ORONO, Maine — Maine has two teams entered in the New England District’s Tier II Peewees Regional at the University of Maine’s Alfond Arena this weekend, and one of them appreciates the short journey to the eight-team tournament.
“We’ve done a lot of traveling this year,” said Kent Salfi, coach of the Maine Freeze Tier II Peewees (ages 11-12) of the Greater Bangor area. “Earning the right to play here is fantastic.”
Five states make up the New England District. USA Hockey, the governing body for youth hockey in the U.S., has designated Massachusetts as its own district. Massachusetts has approximately 30,000 youth hockey players compared to Maine’s 5,000, according to Maine Amateur Hockey Association president Chris Washburn.
A Casco Bay Youth Hockey squad will also represent Maine. Connecticut and New Hampshire also will send two teams each, while Vermont and Rhode Island send one apiece.
The regional starts Friday at 4 p.m. with pool play, continues Saturday with the remainder of pool play and finishes with the semifinals and final Sunday.
Teams are split into two divisions for pool play with no state having two teams in the same pool. The top two teams in each division advance to the semifinals Sunday morning with the No. 1 team in one division facing the No. 2 team in the other. The winners play at 2:45 p.m. Sunday.
This is one of three New England District tournaments the state will host this month. The other two will be March 15-17: the Tier III Squirts Sectional (for ages 9-10) at the University of Southern Maine Ice Arena in Gorham, and the 16-and-Under Girls and U19 Girls events at The Bank of Maine Ice Vault in Hallowell and the Bonnefond Ice Arena at Kents Hill School.
Sectional tournaments do include Massachusetts teams, meaning Maine and New Hampshire will be reduced to one representative each, keeping the total number of teams at eight.
All told, there are about 15 tournaments.
“We have to divvy them up each year, so Maine can host between two and four tournaments each year in the New England District,” said Washburn, whose organization is taking a different approach this year to hosting tournaments.
“In the past, we’ve put them out and let our local associations run them,” Washburn said. “We’ve gone to a new format where Maine Amateur Hockey actually runs them now.”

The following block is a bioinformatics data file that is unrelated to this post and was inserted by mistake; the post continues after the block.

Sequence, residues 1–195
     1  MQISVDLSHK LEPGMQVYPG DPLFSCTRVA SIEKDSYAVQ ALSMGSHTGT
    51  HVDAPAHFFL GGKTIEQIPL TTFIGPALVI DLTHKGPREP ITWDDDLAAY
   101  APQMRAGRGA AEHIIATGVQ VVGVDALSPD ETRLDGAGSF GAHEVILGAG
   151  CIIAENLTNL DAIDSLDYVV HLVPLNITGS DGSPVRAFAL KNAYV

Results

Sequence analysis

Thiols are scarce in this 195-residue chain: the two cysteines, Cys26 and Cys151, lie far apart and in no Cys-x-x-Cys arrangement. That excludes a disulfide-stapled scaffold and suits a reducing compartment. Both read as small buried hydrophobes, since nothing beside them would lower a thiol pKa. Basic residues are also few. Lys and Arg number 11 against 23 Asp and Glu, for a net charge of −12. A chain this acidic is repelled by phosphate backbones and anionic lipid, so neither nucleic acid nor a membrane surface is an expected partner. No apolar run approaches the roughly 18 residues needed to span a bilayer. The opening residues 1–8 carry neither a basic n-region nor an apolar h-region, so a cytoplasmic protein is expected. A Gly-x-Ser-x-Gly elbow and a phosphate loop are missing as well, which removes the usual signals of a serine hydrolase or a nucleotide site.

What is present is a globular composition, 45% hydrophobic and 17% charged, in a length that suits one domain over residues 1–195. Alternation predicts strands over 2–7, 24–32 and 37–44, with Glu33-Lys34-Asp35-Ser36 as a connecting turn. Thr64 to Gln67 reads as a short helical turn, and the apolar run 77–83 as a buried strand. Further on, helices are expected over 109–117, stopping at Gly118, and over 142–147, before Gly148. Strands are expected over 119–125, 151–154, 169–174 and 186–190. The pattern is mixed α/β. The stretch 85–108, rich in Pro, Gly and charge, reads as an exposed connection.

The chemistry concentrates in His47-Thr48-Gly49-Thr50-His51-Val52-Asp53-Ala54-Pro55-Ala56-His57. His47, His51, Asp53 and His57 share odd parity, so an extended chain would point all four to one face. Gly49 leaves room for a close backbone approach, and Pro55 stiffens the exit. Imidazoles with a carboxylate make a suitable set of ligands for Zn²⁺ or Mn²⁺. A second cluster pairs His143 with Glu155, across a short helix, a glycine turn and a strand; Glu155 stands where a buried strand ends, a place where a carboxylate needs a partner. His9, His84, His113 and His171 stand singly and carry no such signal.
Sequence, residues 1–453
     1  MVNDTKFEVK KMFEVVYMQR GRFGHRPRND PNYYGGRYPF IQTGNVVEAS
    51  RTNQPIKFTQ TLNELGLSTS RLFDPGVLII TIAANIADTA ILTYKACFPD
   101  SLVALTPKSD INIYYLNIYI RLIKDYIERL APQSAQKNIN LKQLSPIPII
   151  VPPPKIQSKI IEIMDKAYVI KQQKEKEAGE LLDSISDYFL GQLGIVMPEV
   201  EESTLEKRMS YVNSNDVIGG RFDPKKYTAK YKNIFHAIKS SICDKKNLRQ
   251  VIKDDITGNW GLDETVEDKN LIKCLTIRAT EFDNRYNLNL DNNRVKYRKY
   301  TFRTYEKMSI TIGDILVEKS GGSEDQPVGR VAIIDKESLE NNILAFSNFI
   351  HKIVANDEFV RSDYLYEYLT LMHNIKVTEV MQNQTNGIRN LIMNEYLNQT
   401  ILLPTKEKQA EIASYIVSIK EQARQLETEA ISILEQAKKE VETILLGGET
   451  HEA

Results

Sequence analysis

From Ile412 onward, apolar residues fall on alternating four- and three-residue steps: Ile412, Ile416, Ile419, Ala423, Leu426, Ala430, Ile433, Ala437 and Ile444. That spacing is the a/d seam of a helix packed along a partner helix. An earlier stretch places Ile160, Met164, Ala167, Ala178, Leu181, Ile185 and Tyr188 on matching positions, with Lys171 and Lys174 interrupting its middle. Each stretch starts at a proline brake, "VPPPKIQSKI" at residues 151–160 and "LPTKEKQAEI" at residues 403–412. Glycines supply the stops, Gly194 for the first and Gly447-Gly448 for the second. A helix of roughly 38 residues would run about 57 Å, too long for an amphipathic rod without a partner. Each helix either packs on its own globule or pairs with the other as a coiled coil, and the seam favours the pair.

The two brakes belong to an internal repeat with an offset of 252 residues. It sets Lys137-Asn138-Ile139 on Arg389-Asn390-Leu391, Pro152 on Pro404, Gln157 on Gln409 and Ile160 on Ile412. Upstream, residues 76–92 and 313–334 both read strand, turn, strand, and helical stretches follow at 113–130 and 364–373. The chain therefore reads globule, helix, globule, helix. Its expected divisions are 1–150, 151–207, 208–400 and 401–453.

There could be a problem with local associations hosting a tournament because it might be five or six years between events, Washburn said, and the people experienced at staging an event might have left the organization.
“We want to make sure our best foot’s forward and we’re running them in the best manner possible,” Washburn said.
The local organizations — 20 in total — are OK with that.
“Absolutely. Each of our associations has a vote at the state level, and I think if I look back, this was a unanimous vote to make this change,” said Washburn.
Washburn, who lives in Old Town and is a past officer with Penobscot Valley Hockey Conference, is the tournament director for the Peewee regional, and he’ll have a couple of dozen volunteers helping him.
He also hires some local people to handle the clock, the score sheet and the penalty boxes.
“We don’t pay a lot for it,” said Washburn, “but if you have people running the score clock or the score sheet who don’t necessarily do it on a regular basis, fans can get very upset if the clock’s not being run right.”
He expects a fair number of fans to attend.
“We certainly won’t fill the Alfond, but we’ll have a good crowd,” Washburn said.
Tickets are $10 for one day or $15 for the weekend.
States find out in June which events they’re hosting the following March so they have time to get volunteers, check with local arenas about availability and start lining up hotel rooms, which isn’t as easy as it might seem.
“All the hotels are helping us, but I’m amazed at what it’s like to book them. They all seem busy,” said Washburn.
Salfi is just concerned with having his team ready, and he thinks it is.
“It’s been a great year,” he said. “The kids have come a long way. We’ve played in four tournaments this year and been in the finals of three of them.”
That includes winning the New England Sports Center Challenge Cup.
“On paper, I don’t think we’re the strongest team, but they’ve really meshed and played well together,” said Salfi, a former standout for the University of Maine men’s hockey team. “They’re just a great bunch of kids.”
Their chemistry on the ice has been building all season, Salfi said, and he tries to maintain that chemistry by making five-player substitutions as much as possible.
“I try to keep them together as five-player units,” he said. “The forwards get used to the defensemen behind and the defensemen get used to working with a particular [forward] line.”
Salfi said he wants the Freeze to concentrate on the basics: getting the puck to the net, crashing the net and protecting the net.
“Doing things well consistently gives us a good chance to succeed,” he said.
Salfi thinks it will be a fun weekend.
“This is a great age group,” said Salfi. “I can’t say enough about these kids and how much fun it’s been.”